I am currently experimenting with a logic brick to Python converter. I need to know how common of a use case it is for people to use python to modify/access logic bricks. I am specifically referring to modifying or accessing data from any subclasses of SCA_ILogicBrick. Modifying/accessing game properties and the Python controller (minus any SCA API) are intended to work.
I edit steering actuator targets, for ai, and track to targets for missiles etc.
that is all I can think of for now.
I use logic to modify properties that the action actuator uses, or python, but it’s not editing the action actuator.
I’m tired, so I’m guessing I’m misreading / not completely understanding your post. Are you saying that you’re planning to add Python API to create logic bricks in Python? I’m not sure what a “logic brick to Python converter” is.
I usually use Python to edit logic bricks that have no Pythonic equivalent, like the 2D filter logic brick. If I used Navmeshes, then I think I’d use the Steering actuator as well.
Definitely some valid use cases, thanks BluePrintRandom and SolarLune. I may have to rethink the structure of this converter a bit.
The goal of the converter is to take an objects logic bricks and create an equivalent Python script. This Python script calls functions that correspond to the sensors and actuators. The idea is to be able to replace the files that define the sensor and actuator functions for different engines. This would allow some one to use logic bricks with another Python engine, such as Panda. Eventually this could be made more generic to generate files in different languages, such as C++ for Unreal Engine.
However, the more I look at logic breaks, the more difficult this task becomes. There are some inconsistencies in the behavior of some of the sensors and actuators that are going to require special cases and make things very error prone.
Thanks for the responses so far. I wouldn’t mind seeing more use cases where the the SCA Python API is used. This information can be useful beyond just this converter project.
Here you are sir
use the mouse to aim, and press space to fire missiles in Ray missile demo
Space and w in Steering demo
A solution to this with logic would be to store a objects key as a property for the steering,
as well as recall the property in a input field.
a solution for the ray it to make to so a ray saves a property. as well as setting a property in an added item using add object.
Then I could do it without python,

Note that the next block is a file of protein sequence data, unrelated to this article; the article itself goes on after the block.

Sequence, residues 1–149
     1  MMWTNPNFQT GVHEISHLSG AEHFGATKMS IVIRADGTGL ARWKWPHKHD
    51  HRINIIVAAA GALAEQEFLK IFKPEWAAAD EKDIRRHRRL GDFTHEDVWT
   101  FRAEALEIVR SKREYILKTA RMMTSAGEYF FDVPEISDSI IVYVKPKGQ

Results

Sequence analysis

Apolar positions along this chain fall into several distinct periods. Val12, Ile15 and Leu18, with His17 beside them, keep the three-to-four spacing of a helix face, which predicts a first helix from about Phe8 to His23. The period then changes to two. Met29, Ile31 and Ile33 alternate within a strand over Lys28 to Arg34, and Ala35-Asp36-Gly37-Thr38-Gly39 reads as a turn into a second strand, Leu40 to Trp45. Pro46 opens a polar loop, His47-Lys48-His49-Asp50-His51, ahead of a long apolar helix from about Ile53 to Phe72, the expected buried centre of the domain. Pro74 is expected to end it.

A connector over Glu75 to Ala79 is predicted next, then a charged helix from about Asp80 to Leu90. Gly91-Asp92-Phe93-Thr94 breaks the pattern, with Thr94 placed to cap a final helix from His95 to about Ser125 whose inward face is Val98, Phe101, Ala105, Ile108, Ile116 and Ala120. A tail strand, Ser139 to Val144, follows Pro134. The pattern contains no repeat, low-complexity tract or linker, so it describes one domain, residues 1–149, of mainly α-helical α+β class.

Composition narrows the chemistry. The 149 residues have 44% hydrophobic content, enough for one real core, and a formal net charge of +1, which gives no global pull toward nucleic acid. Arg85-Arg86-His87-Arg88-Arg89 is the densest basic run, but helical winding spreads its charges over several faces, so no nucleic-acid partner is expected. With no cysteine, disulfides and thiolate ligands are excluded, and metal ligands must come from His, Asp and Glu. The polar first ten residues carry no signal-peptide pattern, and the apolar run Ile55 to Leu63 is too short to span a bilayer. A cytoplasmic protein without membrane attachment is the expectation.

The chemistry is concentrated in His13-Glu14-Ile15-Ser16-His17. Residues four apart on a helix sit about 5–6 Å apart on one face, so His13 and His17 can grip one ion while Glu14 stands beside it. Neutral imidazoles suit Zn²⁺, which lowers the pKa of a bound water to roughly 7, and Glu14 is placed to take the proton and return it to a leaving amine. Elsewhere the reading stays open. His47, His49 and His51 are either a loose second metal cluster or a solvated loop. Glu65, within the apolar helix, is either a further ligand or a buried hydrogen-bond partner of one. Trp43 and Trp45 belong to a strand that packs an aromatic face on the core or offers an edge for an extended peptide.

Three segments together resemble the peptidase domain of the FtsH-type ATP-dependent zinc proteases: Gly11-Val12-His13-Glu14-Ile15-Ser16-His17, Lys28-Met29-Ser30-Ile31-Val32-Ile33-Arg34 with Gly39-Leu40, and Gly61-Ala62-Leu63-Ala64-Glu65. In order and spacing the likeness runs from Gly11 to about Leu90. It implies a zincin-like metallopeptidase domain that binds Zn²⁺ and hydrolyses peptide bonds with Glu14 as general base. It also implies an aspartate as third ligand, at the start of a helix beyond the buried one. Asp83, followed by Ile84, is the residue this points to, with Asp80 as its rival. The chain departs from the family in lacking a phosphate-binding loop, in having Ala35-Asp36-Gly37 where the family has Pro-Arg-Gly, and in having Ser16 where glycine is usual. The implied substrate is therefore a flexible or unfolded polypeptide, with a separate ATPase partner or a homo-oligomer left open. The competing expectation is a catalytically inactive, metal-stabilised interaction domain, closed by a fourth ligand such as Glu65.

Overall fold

Ray enemy-------and-------edit object - add missile with property target set
RayGuidedMissile (4).blend (607 KB)SteeringPythonExample.blend (462 KB)
Thank you BluePrintRandom. I understood the use case from your previous explanation, so I may not take much of a look at these.
I don’t see the need for a “converter”.
You can simply write the Python equivalents for all logic bricks once. That code can call on well defined interface functions, which can then be supported by engine specific backends - There’s no need to generate the Python code, so there’s no need for a converter.
Indeed, defining python code that mimics the interface should be simple to drop in, save for when users check type information.
I do this pretty often on actuators:
- setting value on PropertyActuators
- setting object on AddObject Actuator
- setting target, camera etc. …
- the whole S2A is designed to do this.
On the other hand I rarely reconfigure sensors.
But there are use cases too:
- e.g. the keyboard sensors to do a remapping of the key to listen to.
- The same to mouse sensors (see mouseOrbiter).
I hate logic bricks the more I use them. Yes they are easy to learn but really hard to use. So I really support this idea, converting messy logic to a clean understandable python code can actually add a functionality to logic bricks in advanced game projects that are more python-friendly as it would speed up the workflow. (instead of writing like 6 lines of code, adding some bricks and converting them to python)
Some which I found to be useful are:
Ok, I will certainly need to find a way to make the system less static.
Goran, I suppose converter might not be the best of words. It might be better to call it an exporter. The ultimate goal is to be able to export the logic bricks to other engines.
we can port right over to bullet potentially? or Ogre?
Neither Bullet nor Ogre are complete engines. I believe Kupoman’s idea is to convert logic bricks into a format that would be easily loaded into other complete game engines like UDK or Unity, or possibly Panda3D or Godot (not really as complete as the others, but is a full game engine).
Indeed exporter shows your intentions much better. The general problem you will have is that you need a target format. Typically you would chose a target game engine and one of the supported formats to describe logic there.
I guess it would be easier to manually recreate the behavior in the target engine. There is not really much demand to do such things. If it is needed it, you do it once and that’s it.